Alvis Alendran

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Canada
This is going to sound pretty blunt, but it's the best way I can think of to make the point.

I understand she's going through a hard time.

From a societal standpoint, no one cares.

We make allowances for your grief. That allowance, especially for a minor, is an excused absence. If you do not feel that you are able to properly function within the bounds of a normal situation, we allow that you not be there for it.

If you walk in that door, sit down at that desk, we expect that you'll have at least basic agreement to how a person is to behave. If you don't, then we will treat it no differently then they would any other time. It's unfortunate, but it's reality.

And to be honest on this, I'm starting to question the validity of the time frame in losing her mother. Every other article that I've come across that mentions it at all states that shhe is in foster care, and ahs been for some time. That being said, I fully understand that losing your mother is not something you just...get over, or shake off. You carry it for the rest of your life, one way or another. But the world will not make exceptions for your new weight. We expect you to keep moving.
 
Joined
Apr 30, 2011
Location
Valhalla
That is definitely not true. The fact that this police officer was fired(from what I have read) proved that he was in the wrong and that people DO care. If I remember correctly I even read that the teacher did not agree with his actions.

But again, that is why I said what I said in my last statement. The problem is that we lack empathy.

It doesn't really matter if she had lost her mother the day before, or years before. Foster care is horrible and sometimes you just want to be left alone because of how great the pain is from feeling like you don't belong, but she is a child and she is required to go to school.

Edit: He was fired.
 

Trygon

Supernova
Joined
Jan 8, 2009
Location
Bremerton, WA
Police violence against minors becomes okay if that minor has already inflicted true damage on an officer. Read: A punch, kick, slap, reaching for their belt, or failing to cede control of a situation are not true damage. Stabbing, FIRING a gun, or especially violent throws/holds/strikes are, and should be met with containment efforts. Everything prior to that - EVERYTHING! - Including threats, brandishing weapons, refusing to obey orders, or running must be handled with utmost consideration for the power and weight the position carries, and the responsibility to protect even the people they are in conflict with.

This isn't just minors, frankly. With adults I could see a bit more leeway for breaking limbs to deal with an emergent situation, but officers should be willing to absorb harm before dealing any of their own. They're a shield.
 
Joined
Apr 30, 2011
Location
Valhalla
Yes, that is highly more reasonable. What the officer in this story did was inexcusable. He could have simply picked her up and moved her out of the chair. I didn't see at any point where she lashed out or tried to harm the officer, just a lot of flailing from being handled like she was a sack of potatoes. There was no escalation, it was just her sitting in her chair. Resisting arrest does not mean "yay I get to disregard this persons well being and abuse them by slamming them into the ground".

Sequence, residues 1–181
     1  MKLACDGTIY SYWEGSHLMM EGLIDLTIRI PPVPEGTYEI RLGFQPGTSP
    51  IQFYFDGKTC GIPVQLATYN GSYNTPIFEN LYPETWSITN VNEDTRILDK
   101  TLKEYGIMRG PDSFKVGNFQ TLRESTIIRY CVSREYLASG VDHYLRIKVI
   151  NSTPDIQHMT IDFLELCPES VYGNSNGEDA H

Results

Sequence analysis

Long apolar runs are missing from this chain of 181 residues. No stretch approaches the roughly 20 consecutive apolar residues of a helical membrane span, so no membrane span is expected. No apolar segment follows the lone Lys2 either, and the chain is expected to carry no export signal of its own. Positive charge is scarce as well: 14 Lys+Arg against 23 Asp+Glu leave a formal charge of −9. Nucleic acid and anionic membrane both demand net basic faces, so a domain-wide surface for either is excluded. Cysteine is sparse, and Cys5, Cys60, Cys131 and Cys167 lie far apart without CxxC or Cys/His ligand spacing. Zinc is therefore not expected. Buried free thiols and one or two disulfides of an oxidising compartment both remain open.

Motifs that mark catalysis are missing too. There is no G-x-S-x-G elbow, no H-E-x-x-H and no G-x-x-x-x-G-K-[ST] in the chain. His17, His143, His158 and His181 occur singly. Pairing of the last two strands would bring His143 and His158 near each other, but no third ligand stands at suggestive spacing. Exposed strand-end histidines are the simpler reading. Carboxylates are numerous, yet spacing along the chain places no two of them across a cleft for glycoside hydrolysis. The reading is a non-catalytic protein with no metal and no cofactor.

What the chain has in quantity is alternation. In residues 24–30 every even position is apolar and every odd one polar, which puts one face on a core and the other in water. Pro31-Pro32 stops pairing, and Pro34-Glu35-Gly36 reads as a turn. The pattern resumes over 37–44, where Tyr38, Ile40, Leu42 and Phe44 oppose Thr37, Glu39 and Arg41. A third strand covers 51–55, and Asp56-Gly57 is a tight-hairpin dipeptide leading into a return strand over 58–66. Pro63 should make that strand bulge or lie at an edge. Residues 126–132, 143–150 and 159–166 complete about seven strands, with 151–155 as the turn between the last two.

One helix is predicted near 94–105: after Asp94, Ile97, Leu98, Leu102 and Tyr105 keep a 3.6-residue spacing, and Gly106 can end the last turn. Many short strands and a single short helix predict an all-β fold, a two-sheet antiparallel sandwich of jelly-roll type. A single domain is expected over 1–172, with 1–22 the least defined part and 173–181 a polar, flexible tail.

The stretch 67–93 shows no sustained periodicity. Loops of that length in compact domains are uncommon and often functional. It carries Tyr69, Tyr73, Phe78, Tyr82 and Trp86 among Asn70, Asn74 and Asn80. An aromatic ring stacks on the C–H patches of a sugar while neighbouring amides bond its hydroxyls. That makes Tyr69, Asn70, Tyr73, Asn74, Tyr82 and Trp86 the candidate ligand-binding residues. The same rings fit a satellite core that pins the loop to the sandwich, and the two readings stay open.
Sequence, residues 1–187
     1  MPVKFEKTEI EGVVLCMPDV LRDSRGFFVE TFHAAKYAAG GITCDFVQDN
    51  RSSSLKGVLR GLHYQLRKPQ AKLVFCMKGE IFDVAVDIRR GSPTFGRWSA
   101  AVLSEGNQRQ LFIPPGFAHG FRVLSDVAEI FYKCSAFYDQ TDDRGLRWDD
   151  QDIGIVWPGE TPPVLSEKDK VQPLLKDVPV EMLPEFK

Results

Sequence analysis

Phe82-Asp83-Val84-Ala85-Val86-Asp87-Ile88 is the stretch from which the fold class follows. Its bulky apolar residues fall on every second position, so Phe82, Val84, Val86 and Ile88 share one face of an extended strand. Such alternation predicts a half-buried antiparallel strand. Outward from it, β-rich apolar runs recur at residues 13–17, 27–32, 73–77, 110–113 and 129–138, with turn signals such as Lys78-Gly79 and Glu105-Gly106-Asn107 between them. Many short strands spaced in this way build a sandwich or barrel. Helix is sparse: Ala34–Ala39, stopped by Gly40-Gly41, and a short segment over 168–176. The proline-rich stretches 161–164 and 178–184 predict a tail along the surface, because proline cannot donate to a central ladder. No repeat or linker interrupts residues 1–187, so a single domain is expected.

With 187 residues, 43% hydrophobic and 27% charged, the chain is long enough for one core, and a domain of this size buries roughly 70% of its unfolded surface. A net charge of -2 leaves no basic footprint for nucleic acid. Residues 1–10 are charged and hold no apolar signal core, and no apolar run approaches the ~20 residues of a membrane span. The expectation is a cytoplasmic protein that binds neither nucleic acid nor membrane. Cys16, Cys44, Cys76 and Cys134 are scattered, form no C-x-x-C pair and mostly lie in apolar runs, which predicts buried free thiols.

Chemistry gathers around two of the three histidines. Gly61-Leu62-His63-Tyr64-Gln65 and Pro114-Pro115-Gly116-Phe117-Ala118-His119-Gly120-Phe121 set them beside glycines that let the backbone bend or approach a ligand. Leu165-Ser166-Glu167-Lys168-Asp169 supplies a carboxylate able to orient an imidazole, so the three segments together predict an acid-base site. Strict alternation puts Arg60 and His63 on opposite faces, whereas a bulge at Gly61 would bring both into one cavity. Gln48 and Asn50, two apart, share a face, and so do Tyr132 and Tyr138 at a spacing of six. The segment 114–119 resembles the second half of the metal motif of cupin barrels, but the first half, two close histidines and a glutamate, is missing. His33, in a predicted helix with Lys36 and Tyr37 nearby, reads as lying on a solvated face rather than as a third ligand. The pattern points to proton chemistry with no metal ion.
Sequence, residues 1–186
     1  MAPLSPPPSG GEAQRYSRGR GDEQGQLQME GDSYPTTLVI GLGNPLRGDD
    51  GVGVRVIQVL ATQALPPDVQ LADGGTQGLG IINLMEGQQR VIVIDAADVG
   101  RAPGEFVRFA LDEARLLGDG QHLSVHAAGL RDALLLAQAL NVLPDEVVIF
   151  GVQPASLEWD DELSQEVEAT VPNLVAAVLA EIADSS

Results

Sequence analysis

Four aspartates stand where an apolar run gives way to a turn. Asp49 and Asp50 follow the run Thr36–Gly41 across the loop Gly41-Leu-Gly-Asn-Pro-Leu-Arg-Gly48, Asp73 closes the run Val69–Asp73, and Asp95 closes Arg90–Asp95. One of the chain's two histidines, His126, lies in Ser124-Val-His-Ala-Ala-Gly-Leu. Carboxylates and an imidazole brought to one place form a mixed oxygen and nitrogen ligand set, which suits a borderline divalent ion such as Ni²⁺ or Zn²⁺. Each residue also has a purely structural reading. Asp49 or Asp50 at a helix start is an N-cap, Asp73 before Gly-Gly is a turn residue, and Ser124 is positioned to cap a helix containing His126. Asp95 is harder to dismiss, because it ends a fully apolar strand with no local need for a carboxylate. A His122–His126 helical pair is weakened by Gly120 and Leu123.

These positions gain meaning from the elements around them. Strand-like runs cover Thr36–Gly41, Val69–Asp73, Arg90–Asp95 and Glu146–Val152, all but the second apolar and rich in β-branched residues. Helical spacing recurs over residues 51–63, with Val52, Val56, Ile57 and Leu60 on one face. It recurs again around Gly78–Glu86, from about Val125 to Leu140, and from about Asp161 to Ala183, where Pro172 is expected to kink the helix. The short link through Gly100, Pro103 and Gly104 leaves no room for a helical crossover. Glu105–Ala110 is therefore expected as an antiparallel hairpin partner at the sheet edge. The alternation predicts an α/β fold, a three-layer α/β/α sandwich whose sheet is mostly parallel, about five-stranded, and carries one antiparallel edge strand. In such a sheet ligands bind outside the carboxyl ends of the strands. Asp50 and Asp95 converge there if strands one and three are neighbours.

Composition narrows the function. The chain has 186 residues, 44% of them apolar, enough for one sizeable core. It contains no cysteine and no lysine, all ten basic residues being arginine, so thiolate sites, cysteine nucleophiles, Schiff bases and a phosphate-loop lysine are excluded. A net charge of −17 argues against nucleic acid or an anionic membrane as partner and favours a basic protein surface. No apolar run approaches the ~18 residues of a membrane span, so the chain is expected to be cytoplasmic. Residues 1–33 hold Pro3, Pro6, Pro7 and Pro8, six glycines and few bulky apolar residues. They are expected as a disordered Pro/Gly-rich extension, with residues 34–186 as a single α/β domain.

Raika

Star
Joined
Apr 20, 2012
Hmm, well my interpretation of the video is that it lacks too much information to discern the appropriateness of the actions taken by the police officer. People who state that 'force' is never okay are being unrealistic, and while I don't condone assault that's intended to harm, physical force does have it's uses, and always will. I'm personally just as appalled with those condemning the police as I am with the defenders, and all things considered.... neither amounts to very much.

Firstly the officer was called there by someone. It wasn't some random act of violence, and it wasn't a case of biased suspicion. She was clearly infringing and her personal circumstances and age aren't a factor. I don't really see what else the officer could have done. He'd been called in to remove the girl and she clearly wasn't moving. It's not like he could have just shrugged his shoulders and walked off, and talking to her was in my view not going to work either.
Compare it to a shopping mall. Shopping hours are over, and there's this young teenage girl who's planted herself down in the mall, refusing to leave. Talking to her yields no result, and as far as anyone can tell she's got no intentions of moving any time soon. Empathy is one thing, but if you want to play the empathy card, spare a thought for the workers at the mall who have to stick around without pay just cause some brat wants to be difficult? It's the same situation in the video. Classrooms are hard enough to manage as it is, the girl was a nuisance to the teacher by not following instructions, and a distraction to the other students. If you genuinely think 'leaving her alone' was a possible alternative... you've got no idea how classrooms work. xD Might as well ask all the other students and teacher to leave and find another classroom with that logic.

I don't really buy the empathy for her deceased mother argument either as I view it as a tack-on excuse. People who are in mourning don't sit in public places and try to be a public nuisance. In most cases they'll seek to be left alone, and draw as little attention to themselves as possible. "I'm going to sit here and be a nuisance" to me indicates a greater intent to be troublesome, and frankly I hate it when people play the race, gender, age, sexuality, etcetc card to derail an issue. The officer might have been in the wrong, but the girl however was definitely doing something she shouldn't have been doing.